Just like it is never too early to start reading to your babies and kids, it’s never too early to educate them on and celebrate Black History Month. Black History Month begins every year on February 1st and is a celebration of achievements by African Americans and a time for recognizing their critical and amazing contributions to our nation. With the current need for greater racial equality and inclusion, Mama Llama believes it’s important for kids to be educated on and exposed to diversity at a young age. Black History Month poses a great opportunity to get young children involved in the conversation and the movement for change. Keep reading for how to celebrate Black History Month as a family.
Give Back as a Family
A great way to celebrate Black History Month is to volunteer or donate as a family. Not only does this teach the importance of giving back at a young age, it also opens up plenty of opportunity for candid converations about inequality and privilege. If your kids are bookworms, they’ll love contributing via Leap for Literacy. Leap for Literacy is a non-profit youth development organization in greater Atlanta where kids can earn books in exchange for acts of kindness while developing their reading and writing skills so that they grow up to be kind, well-read, accomplished adults. In honor of Black History Month, Leap for Literacy is featuring all black authors.
If you and your family aren’t able to donate your time volunteering, you can donate funds as a family to national organizations. Organizations to consider include Black Lives Matter, Center for Policing Equity, Equal Justice Initiative or the Urban Leadership Foundation of Colorado.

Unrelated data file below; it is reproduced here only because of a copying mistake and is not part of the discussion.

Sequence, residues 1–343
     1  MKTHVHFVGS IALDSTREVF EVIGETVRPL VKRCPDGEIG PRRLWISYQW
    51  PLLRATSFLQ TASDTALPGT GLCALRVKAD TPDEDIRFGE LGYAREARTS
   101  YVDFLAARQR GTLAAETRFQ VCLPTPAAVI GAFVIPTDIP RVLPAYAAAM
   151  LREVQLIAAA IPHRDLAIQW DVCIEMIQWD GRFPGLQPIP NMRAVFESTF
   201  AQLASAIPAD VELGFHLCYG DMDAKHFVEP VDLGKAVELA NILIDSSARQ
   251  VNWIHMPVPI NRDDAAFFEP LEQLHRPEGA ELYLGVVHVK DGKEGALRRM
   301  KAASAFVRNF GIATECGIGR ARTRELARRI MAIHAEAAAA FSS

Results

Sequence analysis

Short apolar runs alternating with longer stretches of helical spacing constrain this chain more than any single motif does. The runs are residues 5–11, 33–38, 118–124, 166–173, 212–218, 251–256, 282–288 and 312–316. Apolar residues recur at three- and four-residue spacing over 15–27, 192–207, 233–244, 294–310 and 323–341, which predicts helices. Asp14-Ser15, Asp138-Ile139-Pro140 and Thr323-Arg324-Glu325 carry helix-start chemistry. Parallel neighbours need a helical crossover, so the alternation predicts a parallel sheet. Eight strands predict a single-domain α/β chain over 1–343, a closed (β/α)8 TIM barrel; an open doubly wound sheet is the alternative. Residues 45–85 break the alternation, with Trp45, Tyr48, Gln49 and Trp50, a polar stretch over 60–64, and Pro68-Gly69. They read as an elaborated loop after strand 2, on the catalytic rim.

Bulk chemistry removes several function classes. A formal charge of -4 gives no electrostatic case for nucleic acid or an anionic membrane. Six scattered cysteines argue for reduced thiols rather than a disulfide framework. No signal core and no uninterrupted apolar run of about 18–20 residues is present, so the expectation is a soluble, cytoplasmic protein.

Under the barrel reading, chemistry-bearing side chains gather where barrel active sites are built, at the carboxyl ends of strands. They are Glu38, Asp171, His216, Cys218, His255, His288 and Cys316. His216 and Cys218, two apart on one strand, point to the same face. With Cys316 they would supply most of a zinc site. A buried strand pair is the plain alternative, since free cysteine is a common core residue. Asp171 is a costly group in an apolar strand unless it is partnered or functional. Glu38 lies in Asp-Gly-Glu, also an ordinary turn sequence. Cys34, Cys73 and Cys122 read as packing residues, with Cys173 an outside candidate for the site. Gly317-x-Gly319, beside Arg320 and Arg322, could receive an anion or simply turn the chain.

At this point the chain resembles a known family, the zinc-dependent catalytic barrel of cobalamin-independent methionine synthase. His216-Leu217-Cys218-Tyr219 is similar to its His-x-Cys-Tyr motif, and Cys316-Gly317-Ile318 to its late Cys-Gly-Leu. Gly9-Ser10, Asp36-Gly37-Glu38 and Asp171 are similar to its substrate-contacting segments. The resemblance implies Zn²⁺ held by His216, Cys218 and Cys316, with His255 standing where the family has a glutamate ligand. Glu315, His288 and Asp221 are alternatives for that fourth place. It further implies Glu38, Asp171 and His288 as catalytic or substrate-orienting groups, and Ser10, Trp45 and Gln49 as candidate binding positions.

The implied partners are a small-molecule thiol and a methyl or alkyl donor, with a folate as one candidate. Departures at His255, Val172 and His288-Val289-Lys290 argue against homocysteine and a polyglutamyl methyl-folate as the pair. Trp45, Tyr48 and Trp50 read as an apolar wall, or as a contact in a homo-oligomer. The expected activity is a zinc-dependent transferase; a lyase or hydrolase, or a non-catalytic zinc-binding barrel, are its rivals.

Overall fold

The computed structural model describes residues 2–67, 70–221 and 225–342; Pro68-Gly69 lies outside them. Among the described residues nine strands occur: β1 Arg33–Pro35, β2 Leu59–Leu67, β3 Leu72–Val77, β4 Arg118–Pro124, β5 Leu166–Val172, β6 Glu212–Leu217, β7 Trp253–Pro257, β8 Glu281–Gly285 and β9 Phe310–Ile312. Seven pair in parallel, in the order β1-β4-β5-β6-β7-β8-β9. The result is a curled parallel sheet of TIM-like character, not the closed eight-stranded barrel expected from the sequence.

Read a Book About Black History
A key aspect of celebrating Black History Month is to educate not only yourself, but your children and family as a whole. A great way to do this is to read a book about Black History as a family. There are plenty of children’s books that celebrate Black History in ways that children can understand and digest. Here are some Mama Llama suggests:
- Little Legends: Exceptional Men in Black History
- Little Leaders: Bold Women in Black History
- Henry’s Freedom Box: A True Story from the Underground Railroad
- Martin’s Big Words: The Life of Dr. Martin Luther King, Jr.
- A Child’s Introduction to African American History: The Experiences, People, and Events That Shaped Our Country
- Moses: When Harriet Tubman Led Her People to Freedom
- Show Way
- Carter Reads the Newspaper
In addition to books related to Black History, you can also use this as an opportunity to dive into anti-racist books with your kids. Here’s a great list of books on this topic from parents.com: anti-racist children’s books.
Watch a Movie or Series Together
We don’t promote excessive screentime for young kids, but we’ll make an exception for a series/movie or two about Black History in February. Here are some great series about Black culture to watch one or two nights a week as a family:
Cook a Meal Together
There is nothing like bonding over a good meal, right? Get into the Black History Month spirit by getting into the kitchen and cooking a traditional meal from a predominantly Black country. Some nations to turn to for traditional dishes are Jamaica, South Africa, Nigeria, or Haiti. To take it a step further, you can pull out a map and discuss where each of the dishes originate while understanding the history of the areas. Again, all about educating your family and having fun while doing it!
In order to create change in regards to inequality and racism, it’s important to start conversations with kids early on. Change is first created at home by what we teach our kids and how they learn to treat others. These ideas above on how to celebrate Black History Month as a family are only a start – there is way more work to do – but it is a great way to create conversation and educate early on about the importance of diversity, inclusion and overall equality.